- Heart attack causes sudden loss of blood supply to the damaged heart muscle
- People with non-O blood groups have a higher risk of heart attack
- The research study found a 9% increase in cardiovascular events among people with non-O blood groups
Non-O blood group people are associated with a higher risk of heart attack finds a recent study presented at the Heart Failure 2017 and the 4th World Congress on Acute Heart Failure.
A heart attack causes a sudden loss of blood supply to the heart muscle. It is the leading cause of death for both men and women.
‘High risk of heart attack is associated with people who have a non-O blood group.’
Around one in four people in the U.S die due to a heart disease every year. Smoking, high blood pressure and high cholesterol levels are some of the risk factors of a heart attack.
Tessa Kole, master's degree at the University Medical Centre, Groningen, Netherlands, said, "It has been suggested that people with non-O blood groups (A, B, AB) are at higher risk for heart attacks and overall cardiovascular mortality, but this suggestion comes from case-control studies which have a low level of evidence. If this was confirmed it could have important implications for personalized medicine."
The study was based on a meta-analysis of prospective studies that reported on the different blood groups and cardiovascular events such as myocardial infarction, coronary heart disease, heart failure, and cardiovascular mortality.
The research study included 1,362,569 people from 11 prospective cohorts. Around 23,154 cardiovascular events were reported. The research team analyzed the association between the blood group and all the coronary events which included combined cardiovascular events and fatal coronary events.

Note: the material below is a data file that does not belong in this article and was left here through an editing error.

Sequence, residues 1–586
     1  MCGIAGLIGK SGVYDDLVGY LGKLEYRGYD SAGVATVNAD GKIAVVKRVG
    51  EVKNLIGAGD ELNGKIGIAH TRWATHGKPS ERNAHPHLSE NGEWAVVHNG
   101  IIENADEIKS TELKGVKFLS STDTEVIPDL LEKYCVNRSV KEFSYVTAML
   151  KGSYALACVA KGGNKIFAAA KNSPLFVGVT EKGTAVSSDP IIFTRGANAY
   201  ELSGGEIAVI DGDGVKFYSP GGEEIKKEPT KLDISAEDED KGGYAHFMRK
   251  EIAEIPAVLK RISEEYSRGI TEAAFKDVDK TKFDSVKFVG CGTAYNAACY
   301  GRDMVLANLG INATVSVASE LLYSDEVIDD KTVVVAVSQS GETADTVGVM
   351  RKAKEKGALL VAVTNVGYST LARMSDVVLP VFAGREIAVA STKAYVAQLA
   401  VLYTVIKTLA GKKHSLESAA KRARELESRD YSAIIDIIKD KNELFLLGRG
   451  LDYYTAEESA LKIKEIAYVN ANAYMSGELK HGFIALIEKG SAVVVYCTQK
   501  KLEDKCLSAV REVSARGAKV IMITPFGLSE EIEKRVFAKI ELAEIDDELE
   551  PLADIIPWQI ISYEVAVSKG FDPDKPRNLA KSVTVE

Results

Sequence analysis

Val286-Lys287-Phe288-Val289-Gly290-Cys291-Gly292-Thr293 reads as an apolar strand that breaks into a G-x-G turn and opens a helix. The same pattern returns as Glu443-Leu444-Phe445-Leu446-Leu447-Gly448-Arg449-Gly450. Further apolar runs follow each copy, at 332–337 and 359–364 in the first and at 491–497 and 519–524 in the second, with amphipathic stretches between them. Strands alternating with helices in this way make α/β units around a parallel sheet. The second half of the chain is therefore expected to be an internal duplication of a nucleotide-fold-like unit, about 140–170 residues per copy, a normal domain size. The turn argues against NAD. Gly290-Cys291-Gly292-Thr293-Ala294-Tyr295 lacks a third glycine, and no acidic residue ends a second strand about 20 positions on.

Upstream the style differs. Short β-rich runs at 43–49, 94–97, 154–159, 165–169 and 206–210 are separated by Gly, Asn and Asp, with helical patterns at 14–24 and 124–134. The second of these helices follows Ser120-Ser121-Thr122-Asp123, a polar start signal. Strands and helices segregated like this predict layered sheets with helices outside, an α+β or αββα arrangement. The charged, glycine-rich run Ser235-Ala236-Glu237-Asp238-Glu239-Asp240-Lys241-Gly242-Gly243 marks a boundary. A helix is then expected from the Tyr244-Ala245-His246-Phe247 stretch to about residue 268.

The findings of the analysis included that around 771,113 people were non-O blood groups. And around 519,743 people were with an O blood group.
Out of these people, around 11 437 people with non-O blood groups and 7220 people with an O blood group had suffered a coronary event respectively.
The odd ratio (OR) for all the coronary events were higher in carriers of a non-O blood group significantly.
However, in fatal coronary events, there were no significant differences between people with O and non-O blood groups.
Ms. Kole, said, "We demonstrate that having a non-O blood group is associated with a 9% increased risk of coronary events and a 9% increased risk of cardiovascular events, especially myocardial infarction."
Reasons for The Risk
Non-O blood group carriers may have a greater risk for cardiovascular events due to
- Greater concentrations of von Willebrand factor (a blood clotting protein that has been associated with thrombotic events)
- Specifically people with A group known to have higher cholesterol levels
- Galectin -3 linked to inflammation and worsen the outcomes in heart failure patients. It is also higher in people with a non-O blood group.
Ms. Kole said, "More research is needed to identify the cause of the apparent increased cardiovascular risk in people with a non-O blood group. Obtaining more information about risk in each non-O blood group (A, B, and AB) might provide further explanations of the causes."
She even concluded that "In future, blood group should be considered in risk assessment for cardiovascular prevention, together with cholesterol, age, sex and systolic blood pressure. It could be that people with an A blood group should have a lower treatment threshold for dyslipidemia or hypertension, for example. We need further studies to validate if the excess cardiovascular risk in non-O blood group carriers may be amenable to treatment."
- Heart Disease Fact Sheet - (https://www.cdc.gov/dhdsp/data_statistics/fact_sheets/fs_heart_disease.htm)